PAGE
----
Also, the Model Act is prospectively applicable and will not affect the existing tenancies. The repeal of rent control Acts can be governed by political exigencies. This may be a complicated process in cities like Mumbai, where tenants have occupied residential properties in prime areas for absurdly low rents.

The cap on the security deposit may not find favour with many landlords. In cities like Bengaluru, the norm is a 10-month security deposit as a two-month deposit may be insufficient to cover any damage to the property or compensate for defaulted rent payments.

Devendra Deshmukh, Partner, Khaitan & Co points out that the provisions of the proposed Model Tenancy Act (MTA) will have to be seen in light of the existing tenancy laws, most of which (baring a few exceptions) were enacted post the Second World War with the specific purpose of preventing exploitation of tenants by landlords, in markets that then had scarce housing stock.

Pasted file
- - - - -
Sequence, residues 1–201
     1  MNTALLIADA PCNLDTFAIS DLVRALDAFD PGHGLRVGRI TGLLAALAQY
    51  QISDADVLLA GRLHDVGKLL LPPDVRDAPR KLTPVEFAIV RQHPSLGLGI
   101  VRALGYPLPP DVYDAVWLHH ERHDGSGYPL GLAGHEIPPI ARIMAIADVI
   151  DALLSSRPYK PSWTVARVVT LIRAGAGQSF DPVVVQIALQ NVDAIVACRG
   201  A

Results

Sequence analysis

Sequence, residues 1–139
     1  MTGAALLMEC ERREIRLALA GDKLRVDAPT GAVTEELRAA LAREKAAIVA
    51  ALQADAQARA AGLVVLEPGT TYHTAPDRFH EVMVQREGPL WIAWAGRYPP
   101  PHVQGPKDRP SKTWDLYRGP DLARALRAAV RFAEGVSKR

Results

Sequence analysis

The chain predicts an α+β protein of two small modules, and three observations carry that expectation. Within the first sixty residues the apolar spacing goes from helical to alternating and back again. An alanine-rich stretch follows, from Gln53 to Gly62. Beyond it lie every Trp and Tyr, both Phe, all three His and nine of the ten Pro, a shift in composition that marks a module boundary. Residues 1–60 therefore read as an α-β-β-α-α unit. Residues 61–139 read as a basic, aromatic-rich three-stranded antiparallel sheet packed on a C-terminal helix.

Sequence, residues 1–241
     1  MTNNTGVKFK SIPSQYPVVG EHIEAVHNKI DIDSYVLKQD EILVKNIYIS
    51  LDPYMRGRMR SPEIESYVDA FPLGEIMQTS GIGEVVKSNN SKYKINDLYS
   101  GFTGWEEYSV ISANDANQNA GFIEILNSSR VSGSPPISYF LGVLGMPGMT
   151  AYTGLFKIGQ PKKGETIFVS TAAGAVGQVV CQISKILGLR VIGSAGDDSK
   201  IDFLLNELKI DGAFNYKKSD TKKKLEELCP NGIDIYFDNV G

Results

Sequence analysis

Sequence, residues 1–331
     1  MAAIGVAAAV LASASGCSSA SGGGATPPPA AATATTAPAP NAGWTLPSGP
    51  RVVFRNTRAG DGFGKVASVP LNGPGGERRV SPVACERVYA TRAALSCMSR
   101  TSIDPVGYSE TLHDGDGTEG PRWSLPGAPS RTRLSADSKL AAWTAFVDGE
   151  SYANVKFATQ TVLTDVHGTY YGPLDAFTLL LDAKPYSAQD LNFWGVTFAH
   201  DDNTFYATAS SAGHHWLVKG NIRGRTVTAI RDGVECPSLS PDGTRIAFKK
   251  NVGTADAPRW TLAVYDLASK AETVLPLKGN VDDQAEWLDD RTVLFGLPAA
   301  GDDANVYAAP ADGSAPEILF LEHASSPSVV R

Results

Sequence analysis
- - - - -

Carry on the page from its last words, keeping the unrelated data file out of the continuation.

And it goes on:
The welfare objective of the existing tenancy laws, which are heavily skewed in providing tenant protection, appears to be fading away when we have instances of tenants occupying prime premises for paltry rents.

“In order to truly open-up the rental market as an evolved one, it is imperative for the Government to formulate a way to balance social welfare of tenants and the economic interests of landlords. Balanced protection to landlords and tenants alike will provide impetus to landlords to rent out vacant premises,” he says.

In the present form, the draft legislation envisages a three-tier dispute redressal mechanism and lacks provisions which can mitigate long drawn landlord–tenant litigations, he says.

Strangely, the MTA is altogether silent on leave and license arrangements. This is perhaps the most significant aspect which it must cover, he adds.

Also, the Model Tenancy Act is prospective, which means it won’t affect the owner-tenant relationship as it stands today under the Rent Control Act of the respective state.

Source: PIB

MTC 2020: PDF